The focus of our laboratory is to investigate the role of non-coding RNAs (microRNAs and novel small/long non-coding RNAs), epigenetics and epitranscriptomics in skeletal muscle stem cell biology, cardiac muscle biology, muscle regeneration, and muscle degenerative diseases including Duchenne Muscular Dystrophy (DMD) and DMD-associated cardiomyopathy. DMD is a fatal X-linked childhood muscle degenerative disease. The progressive skeletal muscle wasting leads to cardiomyopathy and other secondary complications. The children affected by DMD become restricted to wheelchairs within the first decade of their lives and die within the third. There is no effective treatment available yet for this devastating disease. The development of a successful therapy for DMD has been significantly hindered due to the lack of a complete understanding of the key myogenic processes and DMD pathophysiology at the cellular and molecular level. The existing knowledge of the regulation of gene expression in myogenic processes remains inadequate. We have been particularly studying different modes of posttranscriptional gene regulation in the myogenic processes to elucidate the intricate molecular networks of myogenesis. We use a variety of cutting edge molecular cell biology, stem cell biology, genetic, epigenetic and epitranscriptomic techniques, and animal models to understand muscle physiology and pathophysiology at the cellular and molecular level. Our aim is to understand the fundamental molecular mechanism of muscle development and to devise new therapeutic and diagnostic platforms for DMD and related muscle degenerative diseases.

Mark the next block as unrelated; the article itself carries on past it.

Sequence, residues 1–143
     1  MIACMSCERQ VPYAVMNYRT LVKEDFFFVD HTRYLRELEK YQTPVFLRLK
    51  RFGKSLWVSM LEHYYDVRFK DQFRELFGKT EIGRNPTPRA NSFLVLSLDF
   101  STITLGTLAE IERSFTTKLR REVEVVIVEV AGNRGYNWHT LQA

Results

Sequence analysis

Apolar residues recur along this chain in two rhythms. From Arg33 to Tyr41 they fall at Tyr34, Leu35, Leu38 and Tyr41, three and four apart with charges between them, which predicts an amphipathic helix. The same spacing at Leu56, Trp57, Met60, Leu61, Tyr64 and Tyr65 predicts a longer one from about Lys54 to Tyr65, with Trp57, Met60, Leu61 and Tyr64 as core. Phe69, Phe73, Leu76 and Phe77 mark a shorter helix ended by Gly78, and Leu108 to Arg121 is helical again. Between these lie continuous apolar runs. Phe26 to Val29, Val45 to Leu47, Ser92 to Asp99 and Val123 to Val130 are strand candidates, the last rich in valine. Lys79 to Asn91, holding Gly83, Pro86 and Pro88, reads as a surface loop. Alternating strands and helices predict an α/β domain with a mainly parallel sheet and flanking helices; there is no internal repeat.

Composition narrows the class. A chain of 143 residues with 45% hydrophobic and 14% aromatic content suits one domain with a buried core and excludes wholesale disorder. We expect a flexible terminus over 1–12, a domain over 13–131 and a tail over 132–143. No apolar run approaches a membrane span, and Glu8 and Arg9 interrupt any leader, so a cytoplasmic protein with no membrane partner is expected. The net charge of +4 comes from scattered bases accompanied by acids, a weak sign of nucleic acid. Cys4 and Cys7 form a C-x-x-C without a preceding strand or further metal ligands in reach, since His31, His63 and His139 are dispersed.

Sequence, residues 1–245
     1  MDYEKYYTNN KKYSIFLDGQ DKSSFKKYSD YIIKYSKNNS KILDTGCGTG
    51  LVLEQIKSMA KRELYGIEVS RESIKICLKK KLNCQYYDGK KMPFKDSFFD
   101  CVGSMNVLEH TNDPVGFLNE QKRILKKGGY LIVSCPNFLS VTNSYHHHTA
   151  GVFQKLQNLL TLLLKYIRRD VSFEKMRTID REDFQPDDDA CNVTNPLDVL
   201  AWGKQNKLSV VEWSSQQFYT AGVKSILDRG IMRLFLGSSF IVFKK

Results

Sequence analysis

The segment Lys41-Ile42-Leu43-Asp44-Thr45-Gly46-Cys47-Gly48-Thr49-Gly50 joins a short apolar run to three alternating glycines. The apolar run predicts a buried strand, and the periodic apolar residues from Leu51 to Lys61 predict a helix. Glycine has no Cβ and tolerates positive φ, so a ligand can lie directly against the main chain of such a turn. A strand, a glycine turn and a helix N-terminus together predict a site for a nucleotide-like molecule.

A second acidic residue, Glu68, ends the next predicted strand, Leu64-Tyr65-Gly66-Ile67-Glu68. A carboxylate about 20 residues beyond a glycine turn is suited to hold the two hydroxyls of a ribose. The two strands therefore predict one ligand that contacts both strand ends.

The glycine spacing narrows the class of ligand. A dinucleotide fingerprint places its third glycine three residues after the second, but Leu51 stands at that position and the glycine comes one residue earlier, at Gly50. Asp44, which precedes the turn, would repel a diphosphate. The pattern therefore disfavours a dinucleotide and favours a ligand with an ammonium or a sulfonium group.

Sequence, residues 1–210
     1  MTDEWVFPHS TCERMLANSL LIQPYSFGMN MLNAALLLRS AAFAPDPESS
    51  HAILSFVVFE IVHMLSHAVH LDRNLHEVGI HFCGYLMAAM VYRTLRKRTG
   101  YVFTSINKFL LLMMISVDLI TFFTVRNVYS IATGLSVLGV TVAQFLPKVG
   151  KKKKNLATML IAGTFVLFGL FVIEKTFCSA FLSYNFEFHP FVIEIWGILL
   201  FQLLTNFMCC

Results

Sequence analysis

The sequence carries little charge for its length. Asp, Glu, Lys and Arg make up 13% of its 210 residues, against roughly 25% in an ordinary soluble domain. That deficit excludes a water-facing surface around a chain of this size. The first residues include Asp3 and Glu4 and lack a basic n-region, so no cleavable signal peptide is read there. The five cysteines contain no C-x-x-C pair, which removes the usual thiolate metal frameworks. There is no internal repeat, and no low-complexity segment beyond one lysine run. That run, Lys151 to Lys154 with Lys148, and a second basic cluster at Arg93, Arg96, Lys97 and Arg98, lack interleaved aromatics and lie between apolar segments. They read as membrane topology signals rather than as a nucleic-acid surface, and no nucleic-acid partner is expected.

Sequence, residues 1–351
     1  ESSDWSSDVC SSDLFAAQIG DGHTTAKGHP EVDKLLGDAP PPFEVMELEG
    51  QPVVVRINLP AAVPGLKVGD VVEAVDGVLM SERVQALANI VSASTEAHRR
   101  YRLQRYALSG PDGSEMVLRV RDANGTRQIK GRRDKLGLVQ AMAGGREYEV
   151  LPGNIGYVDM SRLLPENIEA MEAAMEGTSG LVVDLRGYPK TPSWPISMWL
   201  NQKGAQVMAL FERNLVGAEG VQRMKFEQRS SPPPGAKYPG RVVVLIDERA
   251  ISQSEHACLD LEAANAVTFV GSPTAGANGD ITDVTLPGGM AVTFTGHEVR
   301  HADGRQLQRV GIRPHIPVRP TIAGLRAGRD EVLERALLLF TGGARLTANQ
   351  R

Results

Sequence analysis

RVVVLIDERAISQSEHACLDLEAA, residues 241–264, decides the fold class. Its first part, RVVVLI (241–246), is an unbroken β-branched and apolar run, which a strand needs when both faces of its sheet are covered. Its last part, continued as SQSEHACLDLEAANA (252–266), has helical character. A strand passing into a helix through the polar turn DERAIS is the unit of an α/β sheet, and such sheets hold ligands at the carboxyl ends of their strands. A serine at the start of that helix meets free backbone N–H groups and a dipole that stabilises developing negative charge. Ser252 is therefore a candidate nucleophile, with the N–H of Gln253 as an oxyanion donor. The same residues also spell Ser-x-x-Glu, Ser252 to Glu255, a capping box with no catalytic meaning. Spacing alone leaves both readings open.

We are looking for talented students and postdocs. Please contact Bijan Dey.
Bijan K Dey, PhD
Principal Investigator, The RNA Institute
Adjunct Assistant Professor, Department of Biological Sciences
University at Albany, State University of New York (SUNY)
Life Sciences Research Building Room LS 2098
1400 Washington Avenue, Albany, NY 12222
The path to studying microRNAs in diseases will be easier and cheaper, thanks to a new method developed by a team led by Halvorsen and Dey.
The American Heart Association (AHA) has awarded its distinguished Scientist Development Grant to Dr. Dey for the development of new therapies to treat DMD.
Scientist Bijan Dey could soon offer hope to young patients with a rare form of muscular dystrophy.
University of Virginia researchers have taken a significant step forward in their efforts to use stem cells to block vision loss caused by diabetic retinopathy.